With the rebuilding program underway at Australia’s stations, ANARE needed a ship that had a large cargo capacity to transport supplies. The MV Icebird was custom made for ANARE in Germany by Antarktis und Spezialfahrt Schiffartsgesellschaft GmbH (GSS). Described by the company as the world’s first purpose-built polar resupply vessel, it was named for its ability to ‘fly’ through the ice.


  • Motor Vessel (MV)
  • Ice class: Arc 1 / E4 (forepart Arc 2) icebreaker
  • Installed power: MAK 5,400 horsepower (4,000 kilowatts)
  • capacity with module: 4,378 tons
  • capacity without module: 6,436 tons
  • length: 106.6 metres
  • breadth: 19.9 metres
  • speed: 14.7 knots
  • 98 passengers in module accommodation; 22 crew

The Icebird’s bow was constructed to the latest ice-breaking design. Its owners designed the ship to break one year old ice with continuous speed, and avoid the constant threat to Antarctic shipping: besetment. Special features that enabled ANARE to unload cargo in remote areas included a strengthened helideck, ‘tween-deck hatch covers that doubled as pontoons, and an ice-strengthened pusher barge.

Key Antarctic voyages

The Icebird was fitted with a detachable accommodation module to carry passengers. It was clamped to the ship in front of the bridge, and secured with bolts.

In late 1984, on the ship’s first voyage, the accommodation module started shifting from side to side in heavy seas. Passengers became increasingly worried, and the securing bolts were tightened by the crew. Heinrich Brand, the manager of the shipyard company, visited Australia to reassure ANARE staff. He was on board the voyage departing Hobart in January 1985. On the first night, the Icebird rolled heavily causing the module to move five centimetres with a loud clunk, terrifying the passengers. Captain Ewald Brune, not convinced of the safety of the construction, recalled:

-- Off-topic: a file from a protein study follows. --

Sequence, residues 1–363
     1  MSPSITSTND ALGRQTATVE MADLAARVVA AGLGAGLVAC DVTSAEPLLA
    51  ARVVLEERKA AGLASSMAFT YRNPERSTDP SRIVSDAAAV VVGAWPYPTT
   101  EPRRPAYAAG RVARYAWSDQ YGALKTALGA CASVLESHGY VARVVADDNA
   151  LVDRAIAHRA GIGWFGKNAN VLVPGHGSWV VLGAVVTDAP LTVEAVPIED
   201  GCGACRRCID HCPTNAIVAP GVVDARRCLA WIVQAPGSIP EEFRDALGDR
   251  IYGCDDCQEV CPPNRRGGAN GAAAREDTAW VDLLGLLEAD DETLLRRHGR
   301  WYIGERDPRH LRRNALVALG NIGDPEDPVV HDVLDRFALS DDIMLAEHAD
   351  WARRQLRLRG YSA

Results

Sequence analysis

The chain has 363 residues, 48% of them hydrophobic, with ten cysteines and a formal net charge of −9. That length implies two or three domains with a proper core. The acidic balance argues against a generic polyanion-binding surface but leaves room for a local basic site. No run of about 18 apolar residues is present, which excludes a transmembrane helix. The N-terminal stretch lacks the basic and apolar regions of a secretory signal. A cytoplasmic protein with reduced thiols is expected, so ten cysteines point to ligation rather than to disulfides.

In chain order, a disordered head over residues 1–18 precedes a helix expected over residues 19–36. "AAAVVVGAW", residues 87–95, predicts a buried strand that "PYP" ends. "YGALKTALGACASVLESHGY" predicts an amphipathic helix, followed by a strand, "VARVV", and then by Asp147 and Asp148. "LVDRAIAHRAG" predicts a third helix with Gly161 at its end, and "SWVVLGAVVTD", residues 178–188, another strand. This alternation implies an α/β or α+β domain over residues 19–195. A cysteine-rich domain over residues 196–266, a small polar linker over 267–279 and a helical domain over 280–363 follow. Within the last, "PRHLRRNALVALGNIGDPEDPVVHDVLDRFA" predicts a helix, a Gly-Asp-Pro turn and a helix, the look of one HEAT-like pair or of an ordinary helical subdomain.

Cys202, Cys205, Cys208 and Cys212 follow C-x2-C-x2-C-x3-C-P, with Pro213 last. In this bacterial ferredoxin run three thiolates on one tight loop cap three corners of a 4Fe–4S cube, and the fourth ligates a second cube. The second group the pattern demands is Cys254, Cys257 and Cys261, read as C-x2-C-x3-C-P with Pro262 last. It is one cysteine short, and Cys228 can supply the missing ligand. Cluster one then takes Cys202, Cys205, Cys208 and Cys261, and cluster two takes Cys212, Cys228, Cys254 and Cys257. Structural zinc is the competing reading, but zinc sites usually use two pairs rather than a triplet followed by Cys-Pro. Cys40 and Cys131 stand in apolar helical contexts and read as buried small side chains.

Within about 60 seconds I had 90 expeditioners on the bridge, saying that the module had moved – you could really feel it shaking! I saw on the bridge a very pale Mr Brand. I said, ‘Mr Brand, no matter what your construction company is telling me, the module is no longer a part of this ship – it is deck cargo. And deck cargo must be lashed!' – Interview with Ewald Brune & Tim Bowden, ANARE Jubilee Project, 13 July 1995.

Captain Brune ordered his crew to secure the module with 200 chains. Before the next voyage, the module was welded into place. This memorable event was recorded in ANARE history with the song, 'Click go the bolts!'

Later life

During the 1995–1996 season, ANARE’s primary charter, the RSV Aurora Australis, was out of service for a month with mechanical problems. A replacement ship was needed – the Icebird! Renamed the MV Polar Bird in 1996 by its new Norwegian owners, the ship was occasionally chartered by ANARE to support operations alongside the Aurora Australis until 2003.

In 2003, the Polar Bird was sold for general cargo service, and renamed the Almog.